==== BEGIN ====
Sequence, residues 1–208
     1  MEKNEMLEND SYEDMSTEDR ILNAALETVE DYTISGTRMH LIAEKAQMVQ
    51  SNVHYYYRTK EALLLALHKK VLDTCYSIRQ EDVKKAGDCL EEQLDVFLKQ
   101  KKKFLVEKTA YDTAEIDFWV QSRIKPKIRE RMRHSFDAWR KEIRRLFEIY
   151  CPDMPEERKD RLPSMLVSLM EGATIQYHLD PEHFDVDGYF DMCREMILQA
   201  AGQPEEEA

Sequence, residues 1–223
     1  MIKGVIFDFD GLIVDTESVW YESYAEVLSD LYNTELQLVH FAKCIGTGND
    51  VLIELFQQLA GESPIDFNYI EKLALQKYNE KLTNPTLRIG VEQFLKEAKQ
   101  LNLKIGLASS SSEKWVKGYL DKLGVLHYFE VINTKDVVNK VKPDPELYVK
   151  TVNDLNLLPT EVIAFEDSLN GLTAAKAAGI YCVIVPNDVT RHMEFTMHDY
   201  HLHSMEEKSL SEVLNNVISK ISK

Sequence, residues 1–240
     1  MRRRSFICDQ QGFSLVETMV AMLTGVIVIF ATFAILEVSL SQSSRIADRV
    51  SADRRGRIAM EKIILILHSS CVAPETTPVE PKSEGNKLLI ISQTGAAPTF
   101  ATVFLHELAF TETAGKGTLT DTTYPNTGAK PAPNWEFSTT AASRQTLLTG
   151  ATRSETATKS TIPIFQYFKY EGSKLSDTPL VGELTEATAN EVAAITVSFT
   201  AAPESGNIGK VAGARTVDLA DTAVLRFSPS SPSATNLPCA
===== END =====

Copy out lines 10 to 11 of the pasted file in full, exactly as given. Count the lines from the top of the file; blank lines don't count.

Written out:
   101  LNLKIGLASS SSEKWVKGYL DKLGVLHYFE VINTKDVVNK VKPDPELYVK
   151  TVNDLNLLPT EVIAFEDSLN GLTAAKAAGI YCVIVPNDVT RHMEFTMHDY